Dynex Dux Redux – Stepping the Mast

29 Sep

couple months back I gleefully introduced my fancy new-tech, old-technique rigging and I think it’s past time for an update. I’m using Dynex Dux from Colligo Marine for all of my standing rigging. This is a high-tech synthetic line initially developed for heavy industry which is now being touted as a technological leap and potential sea change in sailboat rigging (and I’m not just parroting ad copy here, this is the opinion of, for example, Brion Toss a rigger known both for his considerable skill and his traditionalist approach). My Dynex Dux line was rigged at the factory with Colligo’s fittings- an unusual approach adapted to the particularities of Dux which eschews modern turnbuckle tensioning systems in favor of a very traditional set of deadeyes and lanyards. Colligo also rigs Dynex Dux with turnbuckles but for reasons I’ll get into in my next post I much prefer the ‘traditionalist’ approach.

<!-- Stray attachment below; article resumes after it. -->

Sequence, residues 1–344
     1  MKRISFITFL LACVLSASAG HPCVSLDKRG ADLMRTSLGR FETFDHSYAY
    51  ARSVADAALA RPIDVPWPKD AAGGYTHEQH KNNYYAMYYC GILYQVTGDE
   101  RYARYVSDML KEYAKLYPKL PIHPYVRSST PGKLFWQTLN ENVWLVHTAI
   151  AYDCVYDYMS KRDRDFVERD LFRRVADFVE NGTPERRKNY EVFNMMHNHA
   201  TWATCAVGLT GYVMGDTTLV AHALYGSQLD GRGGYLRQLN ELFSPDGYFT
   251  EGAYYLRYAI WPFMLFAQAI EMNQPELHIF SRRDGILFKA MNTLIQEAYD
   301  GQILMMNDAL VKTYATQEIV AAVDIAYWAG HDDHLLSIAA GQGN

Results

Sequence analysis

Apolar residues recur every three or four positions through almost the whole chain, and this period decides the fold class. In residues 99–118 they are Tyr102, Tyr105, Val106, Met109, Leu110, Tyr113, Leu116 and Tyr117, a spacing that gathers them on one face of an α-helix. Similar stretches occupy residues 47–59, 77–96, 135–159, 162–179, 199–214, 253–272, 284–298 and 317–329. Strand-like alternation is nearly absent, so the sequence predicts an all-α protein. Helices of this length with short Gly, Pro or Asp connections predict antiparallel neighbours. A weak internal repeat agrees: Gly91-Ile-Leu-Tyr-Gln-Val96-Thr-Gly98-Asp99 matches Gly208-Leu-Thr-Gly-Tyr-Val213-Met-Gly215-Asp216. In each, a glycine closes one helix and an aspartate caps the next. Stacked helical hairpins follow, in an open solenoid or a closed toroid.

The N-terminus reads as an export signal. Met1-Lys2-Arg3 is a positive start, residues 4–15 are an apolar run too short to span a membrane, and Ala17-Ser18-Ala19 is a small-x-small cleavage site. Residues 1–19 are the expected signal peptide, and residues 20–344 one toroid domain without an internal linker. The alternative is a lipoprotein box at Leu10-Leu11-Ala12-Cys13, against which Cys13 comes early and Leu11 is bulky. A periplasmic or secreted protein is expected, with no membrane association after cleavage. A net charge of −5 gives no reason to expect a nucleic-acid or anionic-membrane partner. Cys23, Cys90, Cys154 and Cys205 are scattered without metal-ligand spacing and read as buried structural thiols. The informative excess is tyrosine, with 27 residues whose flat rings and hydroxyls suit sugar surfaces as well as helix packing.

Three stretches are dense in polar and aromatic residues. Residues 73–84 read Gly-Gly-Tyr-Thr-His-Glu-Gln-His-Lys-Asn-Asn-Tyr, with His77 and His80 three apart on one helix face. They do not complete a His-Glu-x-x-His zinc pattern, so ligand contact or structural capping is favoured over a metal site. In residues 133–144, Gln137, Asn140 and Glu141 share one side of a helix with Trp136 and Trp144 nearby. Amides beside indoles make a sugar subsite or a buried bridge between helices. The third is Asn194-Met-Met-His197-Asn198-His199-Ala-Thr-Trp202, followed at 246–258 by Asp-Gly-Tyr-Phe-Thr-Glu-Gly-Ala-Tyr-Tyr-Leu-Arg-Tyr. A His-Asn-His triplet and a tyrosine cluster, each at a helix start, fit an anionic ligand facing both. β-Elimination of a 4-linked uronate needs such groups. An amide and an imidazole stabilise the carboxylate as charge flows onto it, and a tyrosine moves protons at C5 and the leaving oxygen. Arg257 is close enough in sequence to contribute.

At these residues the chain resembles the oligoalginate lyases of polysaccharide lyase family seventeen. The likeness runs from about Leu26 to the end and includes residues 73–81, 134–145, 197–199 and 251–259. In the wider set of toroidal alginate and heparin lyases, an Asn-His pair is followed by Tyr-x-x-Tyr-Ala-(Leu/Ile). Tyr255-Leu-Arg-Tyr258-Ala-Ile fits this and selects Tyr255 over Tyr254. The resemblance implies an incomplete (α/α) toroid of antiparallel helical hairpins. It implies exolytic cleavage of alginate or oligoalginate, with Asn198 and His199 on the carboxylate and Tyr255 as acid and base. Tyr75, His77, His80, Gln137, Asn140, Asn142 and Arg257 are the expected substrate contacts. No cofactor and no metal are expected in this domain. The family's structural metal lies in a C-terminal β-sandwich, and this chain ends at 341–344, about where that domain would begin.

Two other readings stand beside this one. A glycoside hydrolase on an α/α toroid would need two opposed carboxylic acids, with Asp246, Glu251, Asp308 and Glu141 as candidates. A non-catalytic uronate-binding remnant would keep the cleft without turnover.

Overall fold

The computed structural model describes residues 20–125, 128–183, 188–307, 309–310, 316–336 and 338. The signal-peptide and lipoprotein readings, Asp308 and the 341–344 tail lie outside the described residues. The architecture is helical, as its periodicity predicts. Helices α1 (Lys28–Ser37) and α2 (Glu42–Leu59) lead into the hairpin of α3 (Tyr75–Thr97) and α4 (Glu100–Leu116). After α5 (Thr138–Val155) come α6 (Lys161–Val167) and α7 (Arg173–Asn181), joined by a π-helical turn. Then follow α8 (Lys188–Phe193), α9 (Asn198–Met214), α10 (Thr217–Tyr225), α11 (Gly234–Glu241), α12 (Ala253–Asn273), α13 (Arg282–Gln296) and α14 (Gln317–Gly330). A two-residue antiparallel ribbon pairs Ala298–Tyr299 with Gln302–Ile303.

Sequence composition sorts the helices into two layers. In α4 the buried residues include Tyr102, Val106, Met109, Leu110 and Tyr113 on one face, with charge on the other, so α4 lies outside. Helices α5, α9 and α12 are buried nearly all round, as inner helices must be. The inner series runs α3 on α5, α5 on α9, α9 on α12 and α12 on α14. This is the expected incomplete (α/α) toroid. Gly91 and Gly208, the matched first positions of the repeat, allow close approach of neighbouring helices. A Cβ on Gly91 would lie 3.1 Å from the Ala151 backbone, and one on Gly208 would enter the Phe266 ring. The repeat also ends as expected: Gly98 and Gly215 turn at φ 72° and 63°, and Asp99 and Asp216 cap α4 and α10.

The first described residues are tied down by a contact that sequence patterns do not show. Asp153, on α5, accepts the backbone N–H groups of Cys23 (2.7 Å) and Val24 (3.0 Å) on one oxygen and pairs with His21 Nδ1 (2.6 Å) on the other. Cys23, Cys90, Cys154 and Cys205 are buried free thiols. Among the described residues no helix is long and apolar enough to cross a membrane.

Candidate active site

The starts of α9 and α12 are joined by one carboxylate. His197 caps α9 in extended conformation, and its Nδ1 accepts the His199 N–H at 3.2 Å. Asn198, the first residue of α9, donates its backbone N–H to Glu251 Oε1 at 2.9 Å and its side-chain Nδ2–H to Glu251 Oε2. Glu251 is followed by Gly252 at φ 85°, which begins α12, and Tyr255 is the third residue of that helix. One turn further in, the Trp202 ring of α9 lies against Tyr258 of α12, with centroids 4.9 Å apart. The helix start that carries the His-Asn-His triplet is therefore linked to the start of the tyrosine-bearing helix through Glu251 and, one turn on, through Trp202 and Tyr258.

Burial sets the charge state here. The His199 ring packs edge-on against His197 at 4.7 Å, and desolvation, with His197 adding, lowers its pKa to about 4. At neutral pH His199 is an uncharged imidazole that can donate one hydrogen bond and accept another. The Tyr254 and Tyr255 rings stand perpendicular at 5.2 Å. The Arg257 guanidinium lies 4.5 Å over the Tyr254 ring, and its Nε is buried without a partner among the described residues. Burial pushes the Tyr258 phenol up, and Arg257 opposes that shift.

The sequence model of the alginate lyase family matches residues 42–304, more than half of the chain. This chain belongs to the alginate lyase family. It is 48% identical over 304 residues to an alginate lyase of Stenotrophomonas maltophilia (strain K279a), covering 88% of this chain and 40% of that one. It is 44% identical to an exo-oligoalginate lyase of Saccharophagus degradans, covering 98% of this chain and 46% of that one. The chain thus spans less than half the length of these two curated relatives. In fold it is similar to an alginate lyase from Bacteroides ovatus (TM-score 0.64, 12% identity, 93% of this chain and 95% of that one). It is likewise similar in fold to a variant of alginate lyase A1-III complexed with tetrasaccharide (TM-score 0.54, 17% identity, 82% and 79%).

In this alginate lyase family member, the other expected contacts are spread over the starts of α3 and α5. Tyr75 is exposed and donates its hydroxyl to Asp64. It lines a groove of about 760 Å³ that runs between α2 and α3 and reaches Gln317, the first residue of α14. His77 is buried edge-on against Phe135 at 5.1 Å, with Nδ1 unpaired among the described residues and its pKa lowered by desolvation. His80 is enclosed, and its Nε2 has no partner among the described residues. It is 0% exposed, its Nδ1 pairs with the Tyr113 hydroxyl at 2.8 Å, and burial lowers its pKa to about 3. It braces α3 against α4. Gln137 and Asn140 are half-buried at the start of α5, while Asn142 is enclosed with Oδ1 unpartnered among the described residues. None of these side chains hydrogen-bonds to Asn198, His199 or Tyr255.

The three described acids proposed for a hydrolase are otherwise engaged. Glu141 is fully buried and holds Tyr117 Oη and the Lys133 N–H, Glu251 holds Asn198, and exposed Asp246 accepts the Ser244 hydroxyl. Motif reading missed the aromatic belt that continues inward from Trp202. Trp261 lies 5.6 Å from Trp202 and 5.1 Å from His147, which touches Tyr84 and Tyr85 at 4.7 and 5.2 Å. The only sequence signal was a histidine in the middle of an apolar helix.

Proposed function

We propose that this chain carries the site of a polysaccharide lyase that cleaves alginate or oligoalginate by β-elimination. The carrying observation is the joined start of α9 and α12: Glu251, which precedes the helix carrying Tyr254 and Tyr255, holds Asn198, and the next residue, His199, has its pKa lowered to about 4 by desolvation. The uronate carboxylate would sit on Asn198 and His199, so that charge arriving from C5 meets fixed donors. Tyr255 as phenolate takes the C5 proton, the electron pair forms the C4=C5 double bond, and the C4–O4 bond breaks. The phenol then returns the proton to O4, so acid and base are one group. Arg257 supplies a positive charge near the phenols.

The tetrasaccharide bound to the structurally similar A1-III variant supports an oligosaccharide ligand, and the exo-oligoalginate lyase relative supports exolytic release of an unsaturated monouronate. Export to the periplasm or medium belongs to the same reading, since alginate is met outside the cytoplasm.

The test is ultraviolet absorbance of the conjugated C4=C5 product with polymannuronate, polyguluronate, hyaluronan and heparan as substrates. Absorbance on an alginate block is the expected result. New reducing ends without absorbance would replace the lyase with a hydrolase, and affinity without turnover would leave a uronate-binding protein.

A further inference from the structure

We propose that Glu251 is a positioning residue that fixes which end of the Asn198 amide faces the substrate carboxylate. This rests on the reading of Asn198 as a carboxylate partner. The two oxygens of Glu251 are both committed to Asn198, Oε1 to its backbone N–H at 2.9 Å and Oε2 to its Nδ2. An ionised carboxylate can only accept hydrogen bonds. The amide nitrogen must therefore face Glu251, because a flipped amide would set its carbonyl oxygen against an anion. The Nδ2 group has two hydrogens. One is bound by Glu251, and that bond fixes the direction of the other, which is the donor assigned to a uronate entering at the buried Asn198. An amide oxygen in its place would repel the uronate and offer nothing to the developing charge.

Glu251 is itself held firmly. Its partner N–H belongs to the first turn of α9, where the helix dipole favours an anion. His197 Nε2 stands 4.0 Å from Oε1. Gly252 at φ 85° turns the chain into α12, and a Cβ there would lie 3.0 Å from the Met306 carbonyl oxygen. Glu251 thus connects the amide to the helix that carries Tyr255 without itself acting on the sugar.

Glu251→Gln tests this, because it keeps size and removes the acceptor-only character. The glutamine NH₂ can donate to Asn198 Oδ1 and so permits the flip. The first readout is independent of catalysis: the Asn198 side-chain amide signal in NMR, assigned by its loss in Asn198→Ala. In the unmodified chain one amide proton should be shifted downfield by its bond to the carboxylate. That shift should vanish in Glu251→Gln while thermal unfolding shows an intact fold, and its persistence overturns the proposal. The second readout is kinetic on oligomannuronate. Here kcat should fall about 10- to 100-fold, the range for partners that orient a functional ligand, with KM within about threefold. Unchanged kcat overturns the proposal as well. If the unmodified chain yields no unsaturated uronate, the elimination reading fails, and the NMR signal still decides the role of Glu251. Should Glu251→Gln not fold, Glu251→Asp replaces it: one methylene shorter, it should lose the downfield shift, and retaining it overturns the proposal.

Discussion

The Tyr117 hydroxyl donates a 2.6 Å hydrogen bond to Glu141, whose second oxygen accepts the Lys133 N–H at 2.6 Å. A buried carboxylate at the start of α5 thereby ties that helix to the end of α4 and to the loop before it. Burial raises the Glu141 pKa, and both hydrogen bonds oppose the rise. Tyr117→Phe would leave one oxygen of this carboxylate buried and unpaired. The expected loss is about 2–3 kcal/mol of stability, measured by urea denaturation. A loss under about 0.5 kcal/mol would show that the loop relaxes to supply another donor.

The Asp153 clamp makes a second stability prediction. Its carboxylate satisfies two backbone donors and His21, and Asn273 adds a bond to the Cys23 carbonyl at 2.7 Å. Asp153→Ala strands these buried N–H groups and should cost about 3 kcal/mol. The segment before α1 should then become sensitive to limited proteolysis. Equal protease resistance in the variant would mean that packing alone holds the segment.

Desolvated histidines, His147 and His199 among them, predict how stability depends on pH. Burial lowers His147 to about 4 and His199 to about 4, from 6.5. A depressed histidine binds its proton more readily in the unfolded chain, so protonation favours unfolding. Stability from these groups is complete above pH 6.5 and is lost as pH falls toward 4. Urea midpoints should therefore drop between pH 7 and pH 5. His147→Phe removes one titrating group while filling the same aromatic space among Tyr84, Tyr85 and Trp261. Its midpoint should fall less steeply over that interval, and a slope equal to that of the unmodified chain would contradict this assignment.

The Colligo deadeye and lanyard system
It is still a bit early to judge- I’ve only had the rigging up for a few months, and I admit to a couple of small reservations but I am overall impressed and very pleased with this new technology. Despite a small and somewhat irrational part of me which refuses to trust anything ostensibly made out of plastic I am excited about what this synthetic line technology represents for sailboats and am ardently hoping that it turns out to be all it’s cracked up to be. So far, so good. My next couple posts will go into the process of rigging my boat with Dynex Dux, how it has performed so far, and a few thoughts on what it might mean for the future. I’m particularly interested in the low-budget and cruising side of things which, contrary though it may seem in the context of synthetic rigging, is quite relevant to this new technology.

 The rigging process: